The Chinese state propaganda outlet Global Times announced Monday that Chinese universities have begun limiting the number of students from Hong Kong they allow into the schools for fear that the protest movement against communism in the autonomous city will spread to campuses.
The six-month-old Hong Kong protest movement enjoys support from all walks of life in the city – highlighted by the millions of people that have participated in rallies and marches – but many of those who can afford to spend the most time out in the streets defending the city are Hong Kong’s youth. Attacks by Hong Kong police have turned several of the city’s college campuses into war zones, forcing protest supporters to hide or face a barrage of tear gas, water cannons, and other crowd-control weapons.
The Chinese government, through its many propaganda outlets, has condemned Hong Kong’s education system for valuing critical thinking and free discussions among its students, calling for schools to indulge in more “patriotic” teaching that encourages students to embrace the Communist Party.
Hong Kong is an autonomous city within China that under the “one country, two systems” policy cannot secede from Beijing. The policy also prevents Beijing from imposing communism on Hong Kong, though the protest movement contends dictator Xi Jinping has done little to adhere to this limitation, increasingly pressuring Hong Kong’s government to submit to the Party.
As the Hong Kong protest movement has strengthened, China has experienced protests within its borders – particularly in the province bordering Hong Kong, Guangdong – apparently inspired by Hong Kong.
The Global Times claimed on Monday that some Chinese universities are moving to contain the city’s “social unrest” by limiting the number of Hong Kong students in their ranks.
“Universities including Tongji University in Shanghai and Fuzhou University in East China’s Fujian Province clearly stated in their 2020 enrollment plan that Hong Kong applicants have to uphold the ‘one country, two systems’ principle and the Basic Law,” the Times reported. “An employee at the admission office of Tongji University said the requirement was added this year after considering a number of students in Hong Kong participated in the six months of protests.”
The Chinese government outlet plainly stated that the goal of the new policy was to “prevent a very few applicants from allegedly spreading secession ideas to the mainland,” China’s term for territories outside of Beijing’s rule that it illegally claims control over. The Times noted that at least one university stated that participation in the protests would automatically disqualify an applicant from attending some of the schools named. The schools already require students to not have a criminal record, which could include participation in the protests if unfairly arrested while engaging in peaceful assemblies against the Communist Party.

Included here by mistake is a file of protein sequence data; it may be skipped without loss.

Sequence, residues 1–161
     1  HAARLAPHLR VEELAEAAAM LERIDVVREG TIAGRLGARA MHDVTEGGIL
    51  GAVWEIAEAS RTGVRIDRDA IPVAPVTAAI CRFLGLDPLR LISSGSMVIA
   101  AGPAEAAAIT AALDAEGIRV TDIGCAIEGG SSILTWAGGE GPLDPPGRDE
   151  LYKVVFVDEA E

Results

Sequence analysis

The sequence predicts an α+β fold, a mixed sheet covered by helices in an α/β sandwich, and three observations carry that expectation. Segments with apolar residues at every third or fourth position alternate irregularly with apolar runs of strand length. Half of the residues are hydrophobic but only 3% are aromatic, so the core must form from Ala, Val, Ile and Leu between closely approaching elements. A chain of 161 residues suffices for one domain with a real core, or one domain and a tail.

The report follows the revelation last week that residents of a town in Guangdong, inside of China, took to the streets and began chanting Hong Kong protest slogans in protest of the planned construction of a new crematorium near their homes. The Communist Party had promised Wenlou, Guangdong, the construction of a “human ecological park,” but later began constructing the crematorium instead – replacing a plan residents were told would greatly improve pollution and environmental health in the area with, essentially, a toxic chimney.
Reports from unnamed witnesses in Wenlou said protesters chanted “revolution of our times” – the second half of the now-iconic “liberate Hong Kong” flagship slogan – and “just like you, Hong Kong!” while flooding the town’s streets. Images appeared on social media of lines of police cars turned on their sides in protest and other attacks on state infrastructure.
In late summer, Chinese officials, apparently predicting the potential popularity of the Hong Kong protests within its borders, began flooding Guangdong with thousands of troops and military hardware, which Beijing claimed was there in case it was needed against the Hong Kong protesters.
The Global Times and similar publications have for months attacked the Hong Kong school system as a culprit in inculcating support for democracy and human rights in its students.
“Incomplete education and biased media reporting have played a very negative role in helping shape their misunderstanding about the country,” the Global Times alleged in July, also objecting to Hong Kongers’ access to social media outlets such as Facebook and Twitter, which China bans its citizens from using.
Hong Kong police began acting against protesters following the replacement of outgoing Police Commissioner Stephen Lo with Chris Tang, brought in as Lo had delayed his retirement in the aftermath of protests erupting in June. China’s state publications lauded Tang as more prone to the use of violence against protesters than his predecessors. Shortly after he took over last month, police attacked the campus of Hong Kong Polytechnic University (PolyU), flooding it with tear gas and shooting at students that opposed the invasion. Police trapped hundreds of students on the campus for over a week, many of who escaped dramatically by jumping off campus bridges or seeking sewer tunnel exists.